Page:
In existence everything is formal: today somebody is alive and tomorrow he is gone. Who was he? Where was he and where has he gone? The flower that was dancing in the wind just now is no longer there – all the petals have withered away. From where did that flower come? From where to where has it gone? What was it? Certainly it was not just the petals. It was a certain expression of existence. It was real; it was not a dream.
It came out from nowhere.
It remained in nowhere.
It has gone into nowhere.
I would suggest to you again to break that word in two: make it now-here – just a small hyphen. That is the meaning of nowhere. Now-here – put together it becomes nowhere, but looked at deeply, now and here are the realities. Perhaps you cannot see it now. It has entered into its own essence.
Again will come the spring and again will come the flower.
It has been coming again and again and going again and again back into its invisible house – the essence.
The wild duck! What, how, and where?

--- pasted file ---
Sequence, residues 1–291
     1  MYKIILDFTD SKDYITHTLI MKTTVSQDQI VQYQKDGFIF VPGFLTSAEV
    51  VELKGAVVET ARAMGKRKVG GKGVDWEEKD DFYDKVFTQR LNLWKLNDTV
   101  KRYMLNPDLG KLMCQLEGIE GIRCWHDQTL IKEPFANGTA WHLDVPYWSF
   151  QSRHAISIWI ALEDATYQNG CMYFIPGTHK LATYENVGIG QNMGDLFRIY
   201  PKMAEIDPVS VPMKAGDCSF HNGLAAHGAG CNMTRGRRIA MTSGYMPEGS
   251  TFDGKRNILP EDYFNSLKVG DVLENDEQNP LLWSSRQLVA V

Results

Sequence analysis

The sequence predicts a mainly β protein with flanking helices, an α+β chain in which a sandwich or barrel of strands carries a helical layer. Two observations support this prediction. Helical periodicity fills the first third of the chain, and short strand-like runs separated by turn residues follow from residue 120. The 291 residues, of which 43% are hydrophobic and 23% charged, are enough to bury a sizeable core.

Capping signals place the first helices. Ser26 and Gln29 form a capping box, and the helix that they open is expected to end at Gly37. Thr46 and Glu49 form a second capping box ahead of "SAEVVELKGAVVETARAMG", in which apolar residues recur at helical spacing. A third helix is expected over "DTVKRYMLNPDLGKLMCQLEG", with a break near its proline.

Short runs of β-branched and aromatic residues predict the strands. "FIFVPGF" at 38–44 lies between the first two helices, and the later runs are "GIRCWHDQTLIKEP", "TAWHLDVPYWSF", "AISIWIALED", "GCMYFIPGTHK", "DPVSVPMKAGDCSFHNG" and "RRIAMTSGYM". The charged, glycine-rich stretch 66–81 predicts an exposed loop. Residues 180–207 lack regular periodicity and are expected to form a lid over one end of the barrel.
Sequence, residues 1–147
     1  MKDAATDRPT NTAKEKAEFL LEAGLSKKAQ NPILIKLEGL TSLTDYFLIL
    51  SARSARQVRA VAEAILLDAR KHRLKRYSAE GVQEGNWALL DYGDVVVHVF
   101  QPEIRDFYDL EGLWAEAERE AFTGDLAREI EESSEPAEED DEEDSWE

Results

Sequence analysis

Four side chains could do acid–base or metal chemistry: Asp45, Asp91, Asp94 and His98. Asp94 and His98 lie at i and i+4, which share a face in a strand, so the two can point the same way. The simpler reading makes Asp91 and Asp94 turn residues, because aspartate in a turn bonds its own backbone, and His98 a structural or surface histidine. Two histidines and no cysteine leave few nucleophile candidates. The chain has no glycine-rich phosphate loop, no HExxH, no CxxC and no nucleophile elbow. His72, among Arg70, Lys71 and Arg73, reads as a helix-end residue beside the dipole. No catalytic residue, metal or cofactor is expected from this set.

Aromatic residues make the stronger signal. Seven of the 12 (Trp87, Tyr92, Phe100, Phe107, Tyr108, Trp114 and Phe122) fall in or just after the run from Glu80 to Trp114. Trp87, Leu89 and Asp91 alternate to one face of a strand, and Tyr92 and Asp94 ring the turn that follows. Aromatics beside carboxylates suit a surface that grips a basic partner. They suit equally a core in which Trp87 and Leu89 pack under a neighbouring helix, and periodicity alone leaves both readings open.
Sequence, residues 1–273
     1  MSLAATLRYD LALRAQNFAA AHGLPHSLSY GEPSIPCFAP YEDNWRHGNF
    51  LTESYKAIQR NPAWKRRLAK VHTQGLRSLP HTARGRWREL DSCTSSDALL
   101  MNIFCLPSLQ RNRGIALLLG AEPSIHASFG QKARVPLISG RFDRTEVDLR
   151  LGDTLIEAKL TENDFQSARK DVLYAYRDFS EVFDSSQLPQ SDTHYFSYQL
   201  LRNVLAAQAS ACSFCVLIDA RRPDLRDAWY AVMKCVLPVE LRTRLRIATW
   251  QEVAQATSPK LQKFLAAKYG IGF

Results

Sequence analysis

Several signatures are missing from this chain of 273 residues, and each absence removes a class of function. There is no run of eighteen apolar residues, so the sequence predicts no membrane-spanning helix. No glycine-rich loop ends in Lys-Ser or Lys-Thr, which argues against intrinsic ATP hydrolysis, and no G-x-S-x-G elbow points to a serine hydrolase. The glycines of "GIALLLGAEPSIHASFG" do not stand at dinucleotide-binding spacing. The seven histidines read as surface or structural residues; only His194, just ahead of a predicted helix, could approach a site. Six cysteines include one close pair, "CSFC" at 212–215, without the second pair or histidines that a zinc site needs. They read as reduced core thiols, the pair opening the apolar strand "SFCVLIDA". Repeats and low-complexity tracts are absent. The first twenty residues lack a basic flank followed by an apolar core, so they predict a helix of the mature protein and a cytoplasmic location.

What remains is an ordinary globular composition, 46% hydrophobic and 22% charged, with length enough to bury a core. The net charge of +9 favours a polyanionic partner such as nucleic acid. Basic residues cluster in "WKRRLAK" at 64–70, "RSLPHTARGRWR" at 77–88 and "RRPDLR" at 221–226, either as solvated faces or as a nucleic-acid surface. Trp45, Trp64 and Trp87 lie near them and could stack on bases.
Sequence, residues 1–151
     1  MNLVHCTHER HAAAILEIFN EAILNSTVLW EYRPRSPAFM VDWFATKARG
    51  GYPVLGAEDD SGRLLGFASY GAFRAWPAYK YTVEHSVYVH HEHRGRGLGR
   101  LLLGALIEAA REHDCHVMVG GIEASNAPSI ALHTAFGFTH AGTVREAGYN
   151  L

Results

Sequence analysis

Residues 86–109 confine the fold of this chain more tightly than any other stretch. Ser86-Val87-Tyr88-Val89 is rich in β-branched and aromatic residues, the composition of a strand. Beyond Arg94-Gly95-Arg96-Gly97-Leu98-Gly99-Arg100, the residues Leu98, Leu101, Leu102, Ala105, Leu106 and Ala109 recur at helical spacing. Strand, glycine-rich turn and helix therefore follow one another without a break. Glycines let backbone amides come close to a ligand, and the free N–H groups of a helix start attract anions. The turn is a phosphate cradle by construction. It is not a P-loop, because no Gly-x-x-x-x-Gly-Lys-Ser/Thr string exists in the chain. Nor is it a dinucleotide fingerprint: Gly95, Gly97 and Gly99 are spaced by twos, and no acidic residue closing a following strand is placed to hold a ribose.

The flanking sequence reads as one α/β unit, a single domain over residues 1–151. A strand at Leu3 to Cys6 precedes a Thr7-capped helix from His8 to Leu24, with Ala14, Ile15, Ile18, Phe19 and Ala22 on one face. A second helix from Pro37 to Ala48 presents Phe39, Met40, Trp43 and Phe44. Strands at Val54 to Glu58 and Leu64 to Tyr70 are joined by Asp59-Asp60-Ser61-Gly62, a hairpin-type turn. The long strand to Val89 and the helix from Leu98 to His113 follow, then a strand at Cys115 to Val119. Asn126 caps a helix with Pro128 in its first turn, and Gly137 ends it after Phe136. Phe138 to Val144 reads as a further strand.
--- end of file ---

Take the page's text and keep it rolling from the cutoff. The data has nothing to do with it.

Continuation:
Basho has seen, talked, taught and exhausted the meaning of the mountain clouds and moonlit seas.
But Jo does not understand…
Flown away?
Setcho is using Hyakujo’s everyday name, Jo. Jo does not understand. He sees but he sees only the form. He does not see the formless; otherwise even in the wild duck you will find the same essential soul as you will find within yourself.
The whole existence consists of one soul with millions of formulations – but the content of every form is the same.
“…has flown away.”
Flown away? No, he is brought back!
By pinching hard on the nose of Hyakujo the wild duck is brought back. Setcho means that if even now he cannot understand that nothing goes anywhere, everything remains here – like the pain. Then the wild duck is brought back.
Say! Say!